It’s no secret that the world has changed. The pandemic has ravaged societies and economies, and financial companies are increasingly worried about the possibility of investors panicking and making poor decisions during the market-volatility that seems to be the new norm. Aware of the importance of understanding human psychology in these uncertain times, leading financial research firm Morningstar put behavioural economics center stage at its most recent investment conference.
Leading the virtual roundtable discussion, Samantha Lamas - behavioural researcher for Morningstar - argued just how crucial it was to understand the psychological underpinnings of investors’ decisions to sell or buy – especially now that we are in the midst of great uncertainty. This is because research shows that overworked and stressed-out individuals are less likely to approach their decisions rationally, “When we’re dealing with limited information, high uncertainty, and too many choices, using a shortcut is what we should be doing.” said Lamas. “Usually it leads us to the right conclusion. However, this doesn’t always happen in investing.”
One shortcut that investors often fall prey to is the herding bias. When all your peers are reacting the same way, you can’t help but feel the urge to follow. “That can lead to bubbles”, argues Morningstar’s head of behavioural science, Stephen Wendel. “It can lead to fads. It can lead to tremendously bad outcomes.” Knowing this, is there anything we can do to prevent investor panic and preserve stability amid turmoil?
Recently, BEworks partnered with Manulife Investment Management to take a rigorously scientific approach towards helping financial advisors and their clients. The goal is to understand why investors sometimes make poor decisions and then find ways to nudge them towards seeking and following professional financial advice. The research that BEworks conducted as part of this project unearthed a wealth of behavioural insights regarding how to convince investors to seek and follow professional advice that will result in better outcomes.
BEworks co-founder and CEO, Kelly Peters, summarised the research team’s insights at a recent webinar hosted by Manulife Investment Management. Contrary to what we might expect, argues Peters, highlighting the complexity of a financial situation and ‘flexing’ your expertise as an advisor does not get people to trust your advice. In fact, it backfires. “How they trust you... value your advice. Their intention to consult with an advisor again... all those measures actually go down when you try to exert authority”, Peters said. Advisors should, instead, focus on emphasising the collaborative nature of their client interaction. Similarly, explaining more is not the answer. Instead, focusing on communicating in a simple manner boosts investors’ trust in an advisor’s expertise.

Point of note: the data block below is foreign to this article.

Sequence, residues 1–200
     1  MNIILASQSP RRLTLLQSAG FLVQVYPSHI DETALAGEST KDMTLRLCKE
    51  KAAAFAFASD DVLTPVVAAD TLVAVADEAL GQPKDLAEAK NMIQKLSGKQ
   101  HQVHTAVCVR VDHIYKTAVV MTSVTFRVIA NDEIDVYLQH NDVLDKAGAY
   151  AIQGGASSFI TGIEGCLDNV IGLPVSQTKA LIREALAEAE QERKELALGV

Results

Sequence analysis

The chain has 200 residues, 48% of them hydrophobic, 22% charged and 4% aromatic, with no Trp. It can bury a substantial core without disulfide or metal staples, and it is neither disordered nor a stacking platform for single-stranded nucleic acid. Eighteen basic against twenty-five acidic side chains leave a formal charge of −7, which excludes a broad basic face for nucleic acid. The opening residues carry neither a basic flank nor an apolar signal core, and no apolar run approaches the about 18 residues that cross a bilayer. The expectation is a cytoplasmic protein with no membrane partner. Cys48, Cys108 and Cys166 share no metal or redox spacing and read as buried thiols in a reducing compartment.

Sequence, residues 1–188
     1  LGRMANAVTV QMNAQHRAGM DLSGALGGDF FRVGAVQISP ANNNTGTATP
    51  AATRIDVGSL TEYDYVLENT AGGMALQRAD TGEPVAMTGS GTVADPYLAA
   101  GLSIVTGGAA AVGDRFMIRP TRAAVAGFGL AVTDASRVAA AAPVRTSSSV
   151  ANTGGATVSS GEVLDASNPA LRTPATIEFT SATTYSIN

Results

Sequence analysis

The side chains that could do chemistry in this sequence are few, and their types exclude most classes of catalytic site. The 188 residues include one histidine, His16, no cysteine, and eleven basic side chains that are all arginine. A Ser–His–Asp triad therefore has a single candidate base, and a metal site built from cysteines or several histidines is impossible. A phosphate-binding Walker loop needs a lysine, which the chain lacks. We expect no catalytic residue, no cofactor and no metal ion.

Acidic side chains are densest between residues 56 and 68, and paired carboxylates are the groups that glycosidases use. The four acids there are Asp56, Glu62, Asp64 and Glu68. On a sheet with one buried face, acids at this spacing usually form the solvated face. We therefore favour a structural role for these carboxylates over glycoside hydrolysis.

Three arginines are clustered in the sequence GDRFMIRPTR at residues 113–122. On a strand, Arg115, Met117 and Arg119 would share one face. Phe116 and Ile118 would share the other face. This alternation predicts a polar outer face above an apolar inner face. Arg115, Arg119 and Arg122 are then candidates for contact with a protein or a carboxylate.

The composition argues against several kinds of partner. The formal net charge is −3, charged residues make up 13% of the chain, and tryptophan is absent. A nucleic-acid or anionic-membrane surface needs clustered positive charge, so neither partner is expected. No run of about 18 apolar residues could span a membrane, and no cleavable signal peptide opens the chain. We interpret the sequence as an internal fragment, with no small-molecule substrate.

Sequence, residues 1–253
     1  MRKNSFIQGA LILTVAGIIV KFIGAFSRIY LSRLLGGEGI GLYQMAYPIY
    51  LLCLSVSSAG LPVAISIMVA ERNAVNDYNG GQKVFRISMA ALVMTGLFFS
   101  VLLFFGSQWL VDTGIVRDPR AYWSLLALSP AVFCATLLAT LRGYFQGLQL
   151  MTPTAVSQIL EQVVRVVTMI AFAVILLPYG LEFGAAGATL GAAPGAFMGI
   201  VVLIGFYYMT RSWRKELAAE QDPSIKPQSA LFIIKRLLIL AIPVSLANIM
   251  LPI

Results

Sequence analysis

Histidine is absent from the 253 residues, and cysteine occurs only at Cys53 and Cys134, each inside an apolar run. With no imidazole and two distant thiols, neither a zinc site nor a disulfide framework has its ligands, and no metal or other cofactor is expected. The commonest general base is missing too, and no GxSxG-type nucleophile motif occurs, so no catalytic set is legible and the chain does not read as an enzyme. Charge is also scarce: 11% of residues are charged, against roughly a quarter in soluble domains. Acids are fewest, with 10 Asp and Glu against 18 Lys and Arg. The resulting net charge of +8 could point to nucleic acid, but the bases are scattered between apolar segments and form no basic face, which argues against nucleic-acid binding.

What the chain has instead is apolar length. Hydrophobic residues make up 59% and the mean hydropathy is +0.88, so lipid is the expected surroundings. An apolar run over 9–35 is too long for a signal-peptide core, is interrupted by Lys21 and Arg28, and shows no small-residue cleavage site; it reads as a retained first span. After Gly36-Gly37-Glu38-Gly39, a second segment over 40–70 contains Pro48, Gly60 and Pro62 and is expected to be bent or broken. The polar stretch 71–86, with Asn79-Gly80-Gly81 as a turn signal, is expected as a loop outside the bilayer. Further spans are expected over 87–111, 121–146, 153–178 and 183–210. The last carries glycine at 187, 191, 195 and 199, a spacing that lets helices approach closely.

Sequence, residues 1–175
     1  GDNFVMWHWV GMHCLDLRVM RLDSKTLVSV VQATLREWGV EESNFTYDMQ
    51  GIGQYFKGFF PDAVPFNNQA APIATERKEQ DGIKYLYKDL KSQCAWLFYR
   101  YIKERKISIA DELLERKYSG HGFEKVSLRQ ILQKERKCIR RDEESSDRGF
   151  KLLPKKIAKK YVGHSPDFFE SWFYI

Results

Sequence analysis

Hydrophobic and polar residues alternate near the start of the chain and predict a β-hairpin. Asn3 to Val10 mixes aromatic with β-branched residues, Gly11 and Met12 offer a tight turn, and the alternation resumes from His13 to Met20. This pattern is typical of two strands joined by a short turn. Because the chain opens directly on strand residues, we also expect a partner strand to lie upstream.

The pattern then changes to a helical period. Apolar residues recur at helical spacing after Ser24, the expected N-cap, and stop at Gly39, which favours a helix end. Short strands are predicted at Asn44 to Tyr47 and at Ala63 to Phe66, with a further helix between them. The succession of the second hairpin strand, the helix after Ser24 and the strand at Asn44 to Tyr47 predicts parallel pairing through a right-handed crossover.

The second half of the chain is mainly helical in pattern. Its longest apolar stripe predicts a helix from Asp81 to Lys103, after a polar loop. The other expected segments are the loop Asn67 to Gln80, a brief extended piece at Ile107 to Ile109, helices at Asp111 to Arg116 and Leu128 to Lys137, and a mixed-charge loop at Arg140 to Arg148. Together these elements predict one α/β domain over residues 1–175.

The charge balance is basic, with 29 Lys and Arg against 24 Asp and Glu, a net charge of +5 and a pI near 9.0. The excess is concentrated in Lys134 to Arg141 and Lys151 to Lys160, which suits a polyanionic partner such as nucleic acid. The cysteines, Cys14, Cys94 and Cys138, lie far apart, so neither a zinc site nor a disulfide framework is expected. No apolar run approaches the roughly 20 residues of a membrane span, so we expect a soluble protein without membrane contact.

Continuing the discussion, Chief Behavioural Scientist and co-founder of BEworks Dan Ariely explained: “Complexity frightens people”. As an advisor, trying to add layers of complexity to an issue - in part to highlight your own authority on the matter - can frighten investors and make them less willing to make a decision let alone follow-through on it.
These discoveries may come as a surprise to some in the financial sector. But the unexpected nature of the insights unravelled by BEworks’ research illustrates the importance of not relying on our intuitions, and instead taking a scientific and hypothesis-driven approach to understanding how people’s minds work – and how we persuade them.
The diversity of behavioural insights unravelled by BEworks’ research is covered in greater detail in a recent Insurance Portal article. As a company working at the intersection of behavioural science research, application, and consulting, we encourage financial companies worldwide to embrace the evidence and follow the science. It is the best chance we could hope for to find a path through the marshes of uncertainty that surround us.